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So we have a problematic, new roommate, "Michael", who uses all of our stuff, when he's not supposed to be doing so. We typically have our own toilet paper, soap, dishes, paper towels, etc., and don't share it amongst each other. We find that this works best and that there are no arguments to be had, regarding who's turn it is to buy the toilet paper, dishwashing detergent, etc.

Our place is a 3-bedroom / 1 1/2 bathrooms setup. Three of us share the bathrooms, kitchen, and "living room" (just a small common room with a couch). Before "Michael" moved in, we typically kept all of our supplies out in the open: detergent by the sink, soap and toilet paper in the bathroom - we all got along really well and there were no issues at all. Now, we try to not keep things out in the open, because we know that Michael will use it when we're not there.

Michael is very aware of the house rules; he simply chooses to ignore them. (We had told him of the house rules, when we showed him the apartment, before he moved in, and he was quite fine with the rules and agreed to them.) A couple nights ago, my other roommate, Elaine, had left a roll of toilet paper in one of the bathrooms, and Michael subsequently used it all up, which really upset her. And, he has used my ... blowdryer ... which is annoying ... because he only used it after Elaine took her blowdryer back into her room. He basically will use anything that we forget to take back into our rooms. Elaine and I have spoken privately about it - but not yet with Michael.

How can we tell him that it's not ok for him to use our stuff and that he must purchase his own, while minimizing potential conflict?

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    A couple nights ago, he used up all of my roommate's toilet paper, which really upset her - is Michael aware of her being upset about it? or does he have no clue yet? – Kaspar Scherrer Jan 30 '18 at 10:20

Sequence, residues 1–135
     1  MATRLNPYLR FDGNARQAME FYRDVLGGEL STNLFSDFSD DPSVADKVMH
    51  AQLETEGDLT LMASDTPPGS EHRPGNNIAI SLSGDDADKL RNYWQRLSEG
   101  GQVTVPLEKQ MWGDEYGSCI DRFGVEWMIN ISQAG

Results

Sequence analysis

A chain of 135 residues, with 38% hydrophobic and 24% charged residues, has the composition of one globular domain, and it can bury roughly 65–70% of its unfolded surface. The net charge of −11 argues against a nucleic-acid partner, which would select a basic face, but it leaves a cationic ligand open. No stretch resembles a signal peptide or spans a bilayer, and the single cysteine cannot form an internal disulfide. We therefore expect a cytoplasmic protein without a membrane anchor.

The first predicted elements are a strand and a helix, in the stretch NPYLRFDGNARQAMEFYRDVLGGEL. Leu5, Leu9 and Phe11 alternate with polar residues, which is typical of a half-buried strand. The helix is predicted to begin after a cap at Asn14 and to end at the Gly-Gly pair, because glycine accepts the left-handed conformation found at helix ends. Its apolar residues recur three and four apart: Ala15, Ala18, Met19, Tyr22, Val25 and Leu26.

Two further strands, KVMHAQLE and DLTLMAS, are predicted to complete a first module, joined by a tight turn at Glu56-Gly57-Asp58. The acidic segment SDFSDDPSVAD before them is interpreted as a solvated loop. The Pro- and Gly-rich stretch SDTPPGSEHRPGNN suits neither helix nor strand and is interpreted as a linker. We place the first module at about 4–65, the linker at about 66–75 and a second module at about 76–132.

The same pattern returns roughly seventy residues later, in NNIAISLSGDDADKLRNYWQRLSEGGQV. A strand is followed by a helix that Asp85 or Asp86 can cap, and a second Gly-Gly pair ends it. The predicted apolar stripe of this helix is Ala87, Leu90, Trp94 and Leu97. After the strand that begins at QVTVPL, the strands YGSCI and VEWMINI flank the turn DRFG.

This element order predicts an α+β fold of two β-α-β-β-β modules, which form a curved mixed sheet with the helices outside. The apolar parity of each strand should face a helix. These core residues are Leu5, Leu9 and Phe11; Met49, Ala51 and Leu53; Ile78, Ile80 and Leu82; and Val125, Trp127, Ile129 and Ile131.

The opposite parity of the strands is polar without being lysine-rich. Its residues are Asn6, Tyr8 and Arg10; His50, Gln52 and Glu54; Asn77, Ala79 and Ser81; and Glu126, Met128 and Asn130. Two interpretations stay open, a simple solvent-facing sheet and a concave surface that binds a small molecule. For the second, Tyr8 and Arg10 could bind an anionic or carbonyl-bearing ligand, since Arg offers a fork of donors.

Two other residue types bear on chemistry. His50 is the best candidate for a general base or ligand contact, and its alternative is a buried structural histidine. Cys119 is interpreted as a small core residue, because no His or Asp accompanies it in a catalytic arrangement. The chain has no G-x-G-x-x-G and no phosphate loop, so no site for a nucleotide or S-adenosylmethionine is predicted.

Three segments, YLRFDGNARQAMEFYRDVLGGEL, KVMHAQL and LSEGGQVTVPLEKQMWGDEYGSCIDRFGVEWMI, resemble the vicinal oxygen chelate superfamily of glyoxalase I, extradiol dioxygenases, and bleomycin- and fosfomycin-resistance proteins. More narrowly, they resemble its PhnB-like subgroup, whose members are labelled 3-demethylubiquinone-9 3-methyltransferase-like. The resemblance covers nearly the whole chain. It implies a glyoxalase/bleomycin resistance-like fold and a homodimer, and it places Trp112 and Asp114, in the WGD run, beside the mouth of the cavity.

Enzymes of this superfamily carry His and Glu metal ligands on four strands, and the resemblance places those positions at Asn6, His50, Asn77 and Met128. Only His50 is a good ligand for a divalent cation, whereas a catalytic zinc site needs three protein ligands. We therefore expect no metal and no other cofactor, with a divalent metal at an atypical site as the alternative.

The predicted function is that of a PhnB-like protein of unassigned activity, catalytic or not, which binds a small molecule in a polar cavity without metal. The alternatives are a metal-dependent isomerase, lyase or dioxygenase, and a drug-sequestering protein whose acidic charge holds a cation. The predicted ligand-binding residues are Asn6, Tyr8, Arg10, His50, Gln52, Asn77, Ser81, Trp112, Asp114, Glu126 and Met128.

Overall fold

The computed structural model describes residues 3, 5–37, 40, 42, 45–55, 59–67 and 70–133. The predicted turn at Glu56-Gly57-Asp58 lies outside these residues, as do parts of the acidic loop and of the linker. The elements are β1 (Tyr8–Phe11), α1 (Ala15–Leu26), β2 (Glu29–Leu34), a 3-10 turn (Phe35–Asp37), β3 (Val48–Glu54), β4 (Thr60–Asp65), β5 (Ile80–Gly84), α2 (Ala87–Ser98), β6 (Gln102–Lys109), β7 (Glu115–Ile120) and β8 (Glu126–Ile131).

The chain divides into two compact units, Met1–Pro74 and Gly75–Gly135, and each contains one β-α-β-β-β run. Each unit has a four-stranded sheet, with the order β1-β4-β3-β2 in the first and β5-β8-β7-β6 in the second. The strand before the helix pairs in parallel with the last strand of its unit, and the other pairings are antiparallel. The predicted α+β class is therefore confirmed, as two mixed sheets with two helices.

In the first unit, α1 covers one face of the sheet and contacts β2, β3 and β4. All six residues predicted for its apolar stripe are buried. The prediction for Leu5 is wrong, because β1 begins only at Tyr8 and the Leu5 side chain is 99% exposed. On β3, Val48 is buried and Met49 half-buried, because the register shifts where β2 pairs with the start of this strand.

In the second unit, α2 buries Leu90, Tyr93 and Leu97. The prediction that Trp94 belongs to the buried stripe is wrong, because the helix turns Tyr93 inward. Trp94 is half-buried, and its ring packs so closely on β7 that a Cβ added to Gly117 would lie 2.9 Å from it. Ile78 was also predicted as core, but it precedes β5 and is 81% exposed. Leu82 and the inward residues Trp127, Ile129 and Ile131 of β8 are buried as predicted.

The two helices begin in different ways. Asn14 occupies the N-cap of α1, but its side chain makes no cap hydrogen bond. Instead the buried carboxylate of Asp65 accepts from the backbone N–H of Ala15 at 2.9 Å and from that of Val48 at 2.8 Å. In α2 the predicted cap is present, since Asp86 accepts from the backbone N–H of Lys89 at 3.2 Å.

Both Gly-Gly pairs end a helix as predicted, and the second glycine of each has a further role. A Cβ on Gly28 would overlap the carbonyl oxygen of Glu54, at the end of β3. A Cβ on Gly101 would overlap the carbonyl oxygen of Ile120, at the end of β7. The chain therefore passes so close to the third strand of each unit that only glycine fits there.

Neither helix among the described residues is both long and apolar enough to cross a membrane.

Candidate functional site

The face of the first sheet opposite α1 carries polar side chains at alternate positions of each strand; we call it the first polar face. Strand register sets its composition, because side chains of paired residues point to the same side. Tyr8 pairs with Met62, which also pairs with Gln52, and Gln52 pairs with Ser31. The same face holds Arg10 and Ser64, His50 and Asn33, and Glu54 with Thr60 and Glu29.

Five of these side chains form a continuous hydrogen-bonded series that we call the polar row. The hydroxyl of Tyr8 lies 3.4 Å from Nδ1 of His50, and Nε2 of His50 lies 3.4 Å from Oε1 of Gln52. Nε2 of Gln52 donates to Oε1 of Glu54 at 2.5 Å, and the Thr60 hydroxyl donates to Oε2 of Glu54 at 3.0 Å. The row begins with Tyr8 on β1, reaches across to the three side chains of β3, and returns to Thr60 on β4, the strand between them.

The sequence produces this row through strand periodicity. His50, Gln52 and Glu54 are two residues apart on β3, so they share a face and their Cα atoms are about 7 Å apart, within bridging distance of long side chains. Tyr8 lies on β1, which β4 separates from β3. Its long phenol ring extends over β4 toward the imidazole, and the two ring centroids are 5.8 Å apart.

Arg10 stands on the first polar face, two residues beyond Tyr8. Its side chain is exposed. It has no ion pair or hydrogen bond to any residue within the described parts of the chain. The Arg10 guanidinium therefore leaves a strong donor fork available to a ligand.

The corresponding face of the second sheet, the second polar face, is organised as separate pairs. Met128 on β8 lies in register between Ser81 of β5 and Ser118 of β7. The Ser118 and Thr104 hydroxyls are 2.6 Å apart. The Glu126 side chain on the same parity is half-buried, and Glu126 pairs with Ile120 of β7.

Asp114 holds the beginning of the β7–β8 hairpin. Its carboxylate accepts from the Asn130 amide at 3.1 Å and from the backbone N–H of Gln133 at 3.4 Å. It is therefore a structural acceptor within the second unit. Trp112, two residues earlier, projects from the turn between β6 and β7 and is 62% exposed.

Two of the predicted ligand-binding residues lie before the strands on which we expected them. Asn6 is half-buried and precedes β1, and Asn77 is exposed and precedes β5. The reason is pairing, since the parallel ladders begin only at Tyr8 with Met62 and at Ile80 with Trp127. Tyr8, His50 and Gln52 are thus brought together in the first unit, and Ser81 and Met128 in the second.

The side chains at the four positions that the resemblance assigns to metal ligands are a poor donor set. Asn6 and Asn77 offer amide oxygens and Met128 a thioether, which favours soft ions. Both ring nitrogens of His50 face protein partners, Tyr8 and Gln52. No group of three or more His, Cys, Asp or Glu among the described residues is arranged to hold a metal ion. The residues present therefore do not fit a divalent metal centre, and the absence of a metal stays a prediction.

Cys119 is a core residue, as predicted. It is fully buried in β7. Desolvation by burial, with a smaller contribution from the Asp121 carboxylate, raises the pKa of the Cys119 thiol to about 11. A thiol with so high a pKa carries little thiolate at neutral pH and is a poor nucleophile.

• @Cashbee he has no clue yet ... – D.Hutchinson Jan 30 '18 at 10:24
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    @D.Hutchinson I don't quite understand - you say he's aware of the rules and ignores them - and yet you ask how you can tell him about the rules? Can you go into more detail about what you did and did not tell him about the house rules? Are you willing to kick him out if he doesn't conform to the rules and is he aware of that? – AllTheKingsHorses Jan 30 '18 at 10:58
  • @AllTheKingsHorses he pays the most rent, so both Elaine and I would be hesitant to kick him out. But we need a conversation to tell him to stop using our stuff and that he actually takes it seriously and respects that. How could we do that effectively while minimizing conflict ... – D.Hutchinson Jan 30 '18 at 11:07
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    @D.Hutchinson Maybe others here know a way to "magic" him to be considerate. From my personal experience, though, if his actions have no consequences (because you can't ultimately kick him out if he doesn't comply) then there's little chance of reform. – AllTheKingsHorses Jan 30 '18 at 11:11
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It is of course wrong for him to use everybody else's products, he is being utterly selfish and short-sighted. However, it is useful to try and see it from his point of view for some balance. He probably doesn't see it as a major issue because in isolation it is just a couple of pieces of toilet paper here, a squirt of shampoo there. Incrementally it does add up of course, but try to go in to the discussion with a clear head. It isn't exactly the Great Train Robbery, and he will likely respond better if you don't go in too heavy-handed.

If nobody has spoken to him about this at all, then do speak to him one-to-one first, but make it clear that everybody is concerned about this.

Michael, I need to mention this to you. Everybody is noticing their products are being used. Toilet paper, for example. You do know that we all buy our own products here, right?

[allow for response]

Can you please make sure you don't use anyone else's products because it is noticed and it isn't fair.

If he doesn't respond to this then repeat it but with other housemates present. Keep in mind though what I said earlier about balance and keeping your cool. I'm not suggesting you 'gang up' on him, but I think he will take it more seriously knowing that it is everybody's genuine concern and he can't just mentally write it off as the obsessive toilet paper hang-ups of one person.